But my stroke happened at the young age of 39. And while that happened in 1998, it seems that since 2000, we're seeing a troubling rise in strokes in young adults, starting at age 25:
There's a troubling statistic in the United States when it comes to strokes.
Although stroke hospitalizations have declined in recent years among the aged, the opposite appears to be be happening among younger Americans. In a study released Wednesday in the Journal of the American Heart Association, researchers found that between 2000 and 2010, hospitalizations for ischemic stroke, the most common type, dropped nearly 20 percent overall — but among people ages 25 to 44, there was a sharp 44 percent increase in the rate.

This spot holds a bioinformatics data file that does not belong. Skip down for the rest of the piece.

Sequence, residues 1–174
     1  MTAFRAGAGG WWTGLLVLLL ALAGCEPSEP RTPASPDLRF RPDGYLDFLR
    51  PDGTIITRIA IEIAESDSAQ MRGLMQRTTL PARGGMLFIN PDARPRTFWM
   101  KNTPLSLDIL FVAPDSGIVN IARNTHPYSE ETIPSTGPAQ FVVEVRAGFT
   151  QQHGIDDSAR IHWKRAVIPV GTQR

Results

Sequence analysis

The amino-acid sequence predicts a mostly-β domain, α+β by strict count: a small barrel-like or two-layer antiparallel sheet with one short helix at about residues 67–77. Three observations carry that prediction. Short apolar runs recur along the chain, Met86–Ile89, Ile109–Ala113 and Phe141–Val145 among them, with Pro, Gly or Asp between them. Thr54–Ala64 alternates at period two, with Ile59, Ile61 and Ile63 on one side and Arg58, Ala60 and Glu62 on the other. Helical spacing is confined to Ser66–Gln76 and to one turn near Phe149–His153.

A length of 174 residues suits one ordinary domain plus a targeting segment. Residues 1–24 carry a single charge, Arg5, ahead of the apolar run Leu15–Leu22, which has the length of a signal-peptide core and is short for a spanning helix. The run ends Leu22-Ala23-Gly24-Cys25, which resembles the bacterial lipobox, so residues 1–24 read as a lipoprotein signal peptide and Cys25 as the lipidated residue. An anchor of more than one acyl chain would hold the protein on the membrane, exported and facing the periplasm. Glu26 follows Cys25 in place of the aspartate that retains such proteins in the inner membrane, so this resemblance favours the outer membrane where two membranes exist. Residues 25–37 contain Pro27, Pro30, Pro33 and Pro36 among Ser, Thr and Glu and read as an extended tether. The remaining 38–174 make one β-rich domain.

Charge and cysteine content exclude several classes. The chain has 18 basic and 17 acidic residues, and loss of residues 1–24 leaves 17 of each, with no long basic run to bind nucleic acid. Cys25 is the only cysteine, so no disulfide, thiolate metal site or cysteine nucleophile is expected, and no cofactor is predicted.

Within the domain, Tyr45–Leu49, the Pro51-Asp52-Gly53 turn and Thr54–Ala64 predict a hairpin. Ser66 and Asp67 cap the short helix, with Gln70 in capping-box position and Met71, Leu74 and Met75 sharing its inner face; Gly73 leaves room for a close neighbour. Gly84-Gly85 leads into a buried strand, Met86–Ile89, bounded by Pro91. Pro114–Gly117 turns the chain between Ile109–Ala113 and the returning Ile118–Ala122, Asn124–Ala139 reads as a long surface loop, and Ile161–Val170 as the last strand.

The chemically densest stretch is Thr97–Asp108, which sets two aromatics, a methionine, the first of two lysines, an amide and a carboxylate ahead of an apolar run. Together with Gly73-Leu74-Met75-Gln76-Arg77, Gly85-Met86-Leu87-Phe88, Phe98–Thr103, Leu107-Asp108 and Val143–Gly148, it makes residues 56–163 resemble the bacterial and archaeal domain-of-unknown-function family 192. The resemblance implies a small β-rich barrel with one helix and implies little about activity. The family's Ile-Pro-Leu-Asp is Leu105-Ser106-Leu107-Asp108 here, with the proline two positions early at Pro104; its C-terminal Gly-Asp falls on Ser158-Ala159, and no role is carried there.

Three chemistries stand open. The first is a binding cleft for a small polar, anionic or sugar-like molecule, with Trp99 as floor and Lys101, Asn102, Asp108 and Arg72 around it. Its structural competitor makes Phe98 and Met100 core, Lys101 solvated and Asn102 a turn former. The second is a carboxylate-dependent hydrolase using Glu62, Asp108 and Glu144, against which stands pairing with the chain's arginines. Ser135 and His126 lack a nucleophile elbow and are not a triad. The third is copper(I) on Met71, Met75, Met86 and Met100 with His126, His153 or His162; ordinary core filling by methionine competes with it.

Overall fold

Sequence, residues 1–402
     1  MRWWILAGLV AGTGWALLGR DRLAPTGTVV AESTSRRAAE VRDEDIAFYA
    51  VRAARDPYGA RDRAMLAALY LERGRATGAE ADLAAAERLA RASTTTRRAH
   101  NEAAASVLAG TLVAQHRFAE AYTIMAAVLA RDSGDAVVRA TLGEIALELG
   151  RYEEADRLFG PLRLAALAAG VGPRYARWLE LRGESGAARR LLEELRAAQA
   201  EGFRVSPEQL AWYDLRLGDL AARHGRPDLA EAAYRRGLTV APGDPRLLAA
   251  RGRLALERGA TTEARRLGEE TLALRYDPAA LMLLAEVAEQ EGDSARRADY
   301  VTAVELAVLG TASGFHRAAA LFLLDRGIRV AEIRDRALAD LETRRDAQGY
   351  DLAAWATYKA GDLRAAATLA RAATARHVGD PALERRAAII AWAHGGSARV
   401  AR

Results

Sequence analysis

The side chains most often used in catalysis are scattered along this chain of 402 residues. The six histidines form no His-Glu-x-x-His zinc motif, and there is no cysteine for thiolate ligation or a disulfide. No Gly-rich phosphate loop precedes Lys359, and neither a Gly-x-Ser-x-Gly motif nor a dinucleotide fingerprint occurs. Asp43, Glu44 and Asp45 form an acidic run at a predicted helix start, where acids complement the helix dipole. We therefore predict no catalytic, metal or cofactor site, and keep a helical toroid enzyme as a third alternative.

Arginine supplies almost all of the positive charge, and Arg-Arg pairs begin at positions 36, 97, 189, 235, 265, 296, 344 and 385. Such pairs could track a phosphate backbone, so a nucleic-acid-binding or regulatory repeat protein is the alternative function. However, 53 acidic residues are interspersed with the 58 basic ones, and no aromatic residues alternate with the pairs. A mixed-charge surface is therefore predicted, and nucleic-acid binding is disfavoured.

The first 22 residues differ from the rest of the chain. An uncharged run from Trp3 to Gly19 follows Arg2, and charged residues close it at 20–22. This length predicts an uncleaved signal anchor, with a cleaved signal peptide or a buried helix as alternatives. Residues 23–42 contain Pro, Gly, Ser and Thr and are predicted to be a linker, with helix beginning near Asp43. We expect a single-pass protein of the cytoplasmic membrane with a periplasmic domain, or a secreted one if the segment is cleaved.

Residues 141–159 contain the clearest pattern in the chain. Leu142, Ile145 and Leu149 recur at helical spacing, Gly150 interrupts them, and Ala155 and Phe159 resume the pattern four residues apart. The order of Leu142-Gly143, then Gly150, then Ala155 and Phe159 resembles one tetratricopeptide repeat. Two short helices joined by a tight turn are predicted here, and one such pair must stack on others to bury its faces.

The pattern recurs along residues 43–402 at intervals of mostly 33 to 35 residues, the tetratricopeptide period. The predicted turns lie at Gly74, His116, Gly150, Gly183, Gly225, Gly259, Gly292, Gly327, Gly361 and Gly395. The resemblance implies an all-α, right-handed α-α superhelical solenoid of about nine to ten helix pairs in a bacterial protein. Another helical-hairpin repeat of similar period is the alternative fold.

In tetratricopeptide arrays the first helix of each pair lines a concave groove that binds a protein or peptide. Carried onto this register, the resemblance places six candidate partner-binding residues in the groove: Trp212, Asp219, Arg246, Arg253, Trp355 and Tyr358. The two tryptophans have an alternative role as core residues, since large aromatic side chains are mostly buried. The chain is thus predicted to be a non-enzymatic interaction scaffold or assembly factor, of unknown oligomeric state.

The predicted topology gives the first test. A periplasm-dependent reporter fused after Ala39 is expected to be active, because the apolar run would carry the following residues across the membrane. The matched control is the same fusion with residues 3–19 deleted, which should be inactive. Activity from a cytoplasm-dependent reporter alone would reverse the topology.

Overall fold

Ischemic stroke accounts for about 80 percent of all strokes and occurs when a blood vessel in the neck or brain is blocked. Deprived of blood’s oxygen and vital nutrients, brain cells begin to die and the abilities controlled by that part of the brain, like muscular control or speech, are compromised.
Doctors attribute the apparent rise in strokes among younger adults to the same lifestyle risk factors traditionally found in older patients, such as obesity, diabetes and high blood pressure. For other young adults, stroke may be caused by rare conditions, like congenital heart defects, or injury to the arteries in the neck, which can be caused by even minor trauma.
“When people think of stroke, they think of Grandpa who smokes and has high blood pressure,” says neurologist Lee Schwamm, director of Massachusetts General Hospital, Acute Stroke Services. “And while he’s more likely to have one, it doesn’t mean that if you’re young and healthy you can’t have a stroke too.”Many, many strokes are preventable - not all, but many. It makes sense to take good stroke prevention steps, no matter the age.
(Photo from Isaac Mao via Flickr)